As in other public buildings, consistent maintenance is key to low-maintenance plant care. Lighting is also very important for a living wall, so she needed to augment her design with strategically placed artificial lights and figure out the irrigation system. However, she also stresses that extra effort is a labor of love.


“There has been a great deal of research on biophilia and how incorporating natural elements into building design improves working and living environments,” Escobar affirms. “Incorporating design elements is even more important in healthcare environments where people come to heal, and staff need to stay healthy and positive.”

Surfacedesign’s Lord reinforces the purposefulness of a green wall in interior design by describing a current project at the Uber campus in San Francisco where plantings will be part of the technology of shading and cooling the building’s interior.

First, his team will map the facades of the buildings to determine where hotspots and cool spots are, then create hanging planters and pick the green wall plants based on which grow best in hot conditions and which thrive in cooler conditions depending on the time of the year. There’s a giant window that opens up, and behind the window are plants that provide shade and clean the air.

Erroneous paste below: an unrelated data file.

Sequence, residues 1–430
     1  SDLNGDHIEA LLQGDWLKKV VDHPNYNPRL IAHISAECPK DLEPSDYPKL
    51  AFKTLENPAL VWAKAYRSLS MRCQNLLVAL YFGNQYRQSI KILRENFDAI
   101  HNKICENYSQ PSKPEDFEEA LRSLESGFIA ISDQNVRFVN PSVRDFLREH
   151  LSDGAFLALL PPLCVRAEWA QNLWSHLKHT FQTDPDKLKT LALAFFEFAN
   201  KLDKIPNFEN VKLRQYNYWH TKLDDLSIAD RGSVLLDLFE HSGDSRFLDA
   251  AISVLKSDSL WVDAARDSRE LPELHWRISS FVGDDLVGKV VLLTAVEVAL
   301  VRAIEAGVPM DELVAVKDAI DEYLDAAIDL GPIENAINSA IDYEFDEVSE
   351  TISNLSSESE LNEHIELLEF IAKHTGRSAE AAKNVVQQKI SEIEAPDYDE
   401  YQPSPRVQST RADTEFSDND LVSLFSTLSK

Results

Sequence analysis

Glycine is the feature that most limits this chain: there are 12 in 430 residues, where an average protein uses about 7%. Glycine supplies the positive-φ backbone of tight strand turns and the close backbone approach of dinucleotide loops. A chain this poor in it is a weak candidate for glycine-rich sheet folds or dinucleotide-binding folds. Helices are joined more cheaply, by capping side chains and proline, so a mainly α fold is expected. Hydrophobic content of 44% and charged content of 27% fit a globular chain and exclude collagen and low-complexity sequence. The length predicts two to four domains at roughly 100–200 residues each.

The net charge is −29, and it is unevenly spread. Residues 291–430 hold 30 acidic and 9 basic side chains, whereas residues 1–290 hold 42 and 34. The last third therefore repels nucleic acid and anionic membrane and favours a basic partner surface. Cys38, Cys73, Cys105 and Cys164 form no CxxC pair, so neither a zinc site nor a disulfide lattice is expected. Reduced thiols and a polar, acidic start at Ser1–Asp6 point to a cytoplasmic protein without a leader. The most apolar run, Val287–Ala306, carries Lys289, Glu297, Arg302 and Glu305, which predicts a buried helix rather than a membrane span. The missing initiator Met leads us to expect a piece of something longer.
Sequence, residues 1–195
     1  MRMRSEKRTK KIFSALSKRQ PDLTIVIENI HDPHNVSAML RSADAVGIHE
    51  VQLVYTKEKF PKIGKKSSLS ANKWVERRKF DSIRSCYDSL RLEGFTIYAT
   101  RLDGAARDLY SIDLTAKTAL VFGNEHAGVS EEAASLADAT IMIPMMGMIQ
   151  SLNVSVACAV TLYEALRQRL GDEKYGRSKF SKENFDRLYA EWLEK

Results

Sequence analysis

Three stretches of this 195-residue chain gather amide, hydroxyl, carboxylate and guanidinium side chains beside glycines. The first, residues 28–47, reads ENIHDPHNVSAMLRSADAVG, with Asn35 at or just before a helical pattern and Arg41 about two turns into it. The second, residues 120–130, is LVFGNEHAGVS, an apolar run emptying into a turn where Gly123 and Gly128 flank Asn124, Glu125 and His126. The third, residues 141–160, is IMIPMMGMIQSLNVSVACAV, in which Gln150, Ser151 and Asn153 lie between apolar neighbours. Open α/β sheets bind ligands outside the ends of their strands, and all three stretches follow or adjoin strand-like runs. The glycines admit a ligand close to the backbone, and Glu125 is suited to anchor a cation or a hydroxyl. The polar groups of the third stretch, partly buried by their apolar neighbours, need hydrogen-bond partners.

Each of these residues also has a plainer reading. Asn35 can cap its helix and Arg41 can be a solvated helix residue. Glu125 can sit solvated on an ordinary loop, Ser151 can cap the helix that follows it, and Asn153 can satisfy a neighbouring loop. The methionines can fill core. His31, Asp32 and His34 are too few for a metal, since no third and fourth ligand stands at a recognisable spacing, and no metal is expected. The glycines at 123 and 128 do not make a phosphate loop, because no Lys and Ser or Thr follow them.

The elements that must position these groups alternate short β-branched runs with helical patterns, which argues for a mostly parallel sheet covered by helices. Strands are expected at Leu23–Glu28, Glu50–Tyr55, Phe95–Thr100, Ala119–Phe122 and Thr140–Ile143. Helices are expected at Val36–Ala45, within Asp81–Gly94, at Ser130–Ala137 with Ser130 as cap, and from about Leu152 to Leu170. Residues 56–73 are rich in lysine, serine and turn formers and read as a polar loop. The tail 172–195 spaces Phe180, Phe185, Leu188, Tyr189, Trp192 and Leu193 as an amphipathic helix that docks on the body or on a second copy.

Anaha green wall decor private residence in Hawaii

Marion Brenner / Anaha, Honolulu-Surfacedesign

Some of Surfacedesign’s highest profile work at the Anaha Condo Complex and the IBM Plaza Office Complex (both in Honolulu and commissioned by parent firm Howard Hughes Corporation) permit Lord to detail the painstaking process required to create green walls or indoor gardens that will thrive and adapt to changing conditions over time.

“Those projects inspired us and our client to think about different conditions in Hawaii for the Anaha residential tower. One thing we wanted to accomplish was blurring inside and outside via a green wall,” says Lord.

“What separates Anaha from other projects is that the green wall is part of a larger narrative. We asked native Hawaiian descendants about the cultural stories they wanted to tell through the landscape. One theme was the juxtaposition of land and water used in native navigation. Instead of ‘north’ or “south,” they say ‘makai’ (‘oceans’) and ‘mauka’ (mountains).”

The challenge then became to create an urban site that symbolically brought together the mountain and ocean. He explains that, to represent ‘makai,’ the courtyard pond was inspired by “a native Hawaiian fishing tradition: letting fish into a harbor, then closing it off.”

Anaha private residence in Hawaii with green wall decor

Marion Brenner / Anaha, Honolulu-Surfacedesign

To create Anaha’s public courtyard, Lord collaborated with Greg Lee of Green Living Technology International to create an abstraction of Oahu’s mountain conditions leading down to the shore and reflecting how native Hawaiians see Hawaii. The green wall within the installation is a 115-feet by 15-feet scale version of a mountain made up of approximately 10,000 plants woven together with a metal cage system that incorporates irrigation but does not use felt or pockets like other walls.

As plant selection is integral to the success of plant wall decor and indoor gardens, the team did research in part by looking on the faces of actual sheer mountain walls near Anaha to build a palette of both native and exotic fern species. Next, Brazilian vermiliads, anthuriums and other plants were brought into the living sculpture that Lord says respects the local environment and the client’s needs simultaneously.